Progress in the treatment of advanced prostate cancer
Posted Oct 25 2011 5:55am
This article presents an overview of the latest treatments for prostateA gland that surrounds the urethra near the bladder. It produces a fluid that forms part of the semen.cancerAbnormal, uncontrolled cell division resulting in a malignant tumour that may invade surrounding tissues or spread to distant parts of the body.. We believe that this article will be of interest to anyone who has been diagnosed with prostate cancer and would like to know what their treatment options are, particularly during the advanced stage.
Prostate cancer has been recognised as a clinical entity since antiquity, when it was first described by the ancient Egyptians, and surgery to remove the prostate was developed more than 100 years ago. In the last 30 years, the availability of a sensitive bloodA fluid that transports oxygen and other substances through the body, made up of blood cells suspended in a liquid. test for prostate-specific antigenAn enzyme that is produced by the prostate, a gland that surrounds the urethra near the bladder. High levels are present in the blood when the prostate gland is enlarged or inflamed. (PSAAn abbreviation for prostate-specific antigen, an enzyme that is produced by the prostate. High levels are present in the blood when the prostate gland is enlarged or inflamed.) has revolutionised the diagnosisThe process of determining which condition a patient may have. of prostate cancer leading to detection and cure of early prostate cancer. Against that, there was a recent report stating that screeningA way to identify people who may have a certain condition, among a group of people who may or may not seem to provides a very small overall mortality benefit and that some men are harmed by the invasive tests and treatments that follow routine screening. (1)
In early prostate cancer radical prostatectomyThe surgical removal of the entire prostate gland., as compared with watchful waitingThe management of prostate cancer by surveillance rather than initial intervention., reduces the rate of death from prostate cancer. If surgery is not appropriate, then conventional-dose radiotherapy (or implantation of radioactive “seeds” [brachytherapyA type of radiotherapy where radioactive pellets or wires are inserted into the tumour.]) may be appropriate, either as a single agent or combined with hormonal therapy. Hormonal therapy is not indicated for low-risk disease, whereas six months of hormonal therapy can improve survival in high-risk patients.
Although localised prostate cancer may be cured with surgery or radiotherapy, with or without hormonal therapy, the disease recurs in approximately 20–30% of patients.
This article will focus on the progress made in the treatment of advanced prostate cancer.
Studies in the 1940’s on the role of the male hormoneA substance produced by a gland in one part of the body and carried by the blood to the organs or tissues where it has an effect., testosteroneThe main male sex hormone. (a well-known androgenA type of steroid hormone that stimulates male development. Testosterone is an androgen.), led to the proposal of androgen deprivation therapy. Blocking the action of androgens has been the standard care of advanced prostate cancer since then.(2) Androgen blockade can decrease the concentration of the tumourAn abnormal swelling. marker PSA, induce tumour regression and provide relief of symptoms in most patients. However, the response to treatment may not always be long-lasting, and with time, PSA concentrations could rise, indicating relapseA return or worsening of the symptoms of a disease after a period of remission.. Many alternative endocrine treatments have been evaluated in these patients, but none have led to prolonged survival, until recently.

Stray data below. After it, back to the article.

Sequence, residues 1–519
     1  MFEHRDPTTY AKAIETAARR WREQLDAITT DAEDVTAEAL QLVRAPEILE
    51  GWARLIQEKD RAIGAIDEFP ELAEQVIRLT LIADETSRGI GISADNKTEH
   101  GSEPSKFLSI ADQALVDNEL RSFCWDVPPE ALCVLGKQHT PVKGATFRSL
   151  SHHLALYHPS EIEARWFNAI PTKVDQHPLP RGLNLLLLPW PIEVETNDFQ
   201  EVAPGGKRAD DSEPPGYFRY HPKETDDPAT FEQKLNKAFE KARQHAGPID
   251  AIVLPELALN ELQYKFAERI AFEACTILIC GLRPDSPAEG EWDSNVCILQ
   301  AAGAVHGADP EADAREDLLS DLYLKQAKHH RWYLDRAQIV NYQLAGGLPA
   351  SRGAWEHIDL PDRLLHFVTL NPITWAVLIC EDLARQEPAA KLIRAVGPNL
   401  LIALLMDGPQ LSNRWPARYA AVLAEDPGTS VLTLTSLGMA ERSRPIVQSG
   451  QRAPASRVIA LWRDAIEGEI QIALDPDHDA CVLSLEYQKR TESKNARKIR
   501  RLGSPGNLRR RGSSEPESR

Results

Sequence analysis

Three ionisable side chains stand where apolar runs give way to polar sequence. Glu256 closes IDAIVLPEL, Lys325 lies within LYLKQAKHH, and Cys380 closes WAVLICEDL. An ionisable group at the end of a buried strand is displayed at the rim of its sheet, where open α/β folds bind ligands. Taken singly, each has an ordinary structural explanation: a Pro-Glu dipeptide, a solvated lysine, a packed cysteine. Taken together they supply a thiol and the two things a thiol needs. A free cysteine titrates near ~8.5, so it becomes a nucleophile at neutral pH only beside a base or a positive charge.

Three non-hormonal systemicAffecting the whole body. approaches were shown to prolong survival: docetaxel(3) as first-line, and cabazitaxel(4) as second-line chemotherapyThe use of chemical substances to treat disease, particularly cancer., and active cellular immunotherapyA treatment that modifies the immune response for the prevention or treatment of disease. (vaccine) with sipuleucel-T.(5)
Docetaxel: When given with prednisone, treatment with docetaxel every three weeks can lead to improved survival and response rate in terms of pain, PSA level, and quality of life.
PSA declines of at least 50 per cent occurred in half of patients, and objective tumour responses were observed in 20 per cent of patients with measurable disease. Side effects included feverThe raising of the body temperature above norma, which may be accompanied by symptoms such as shivering, headache and sweating., nausea and vomitingExpusion of the contents of the stomach through the mouth., and cardiovascular events.
The improvement in survival provides support for this approach in men with metastatic, androgen-independent prostate cancer.
Cabazitaxel: Treatment with cabazitaxel plus prednisone was shown to have important clinical anti-tumour activity, improving overall survival in patients whose disease has progressed during or after docetaxel-based therapy. The most common side effects were neutropeniaA blood disorder where there is an abnormally low number of white blood cells and diarrhoeaWhen bowel evacuation happens more often than usual, or where the faeces are abnormally liquid..
Sipuleucel-T: Sipuleucel-T, a form of immunotherapy, has shown evidence of efficacy in men with metastatic hormone-resistantA microbe, such as a type of bacteria, that is able to resist the effects of antibiotics or other drugs. prostate cancer as shown in a recent study.(6) Sipuleucel-T is an active cellular immunotherapy, a type of therapeutic cancer vaccine.
The effect of sipuleucel-T on survival was observed consistently across most subgroups of patients. Side effects were mild to moderate (grade 1 or 2) and included chills and fever headache, influenzaA viral infection affecting the respiratory system.-like illness, myalgiaPain in the muscles., hypertensionHigh blood pressure., increased sweating, and groin pain.
A new and promising hormonal agent is Abiraterone, a drug designed and developed at The Institute of Cancer Research and The Royal Marsden Hospital, London UK.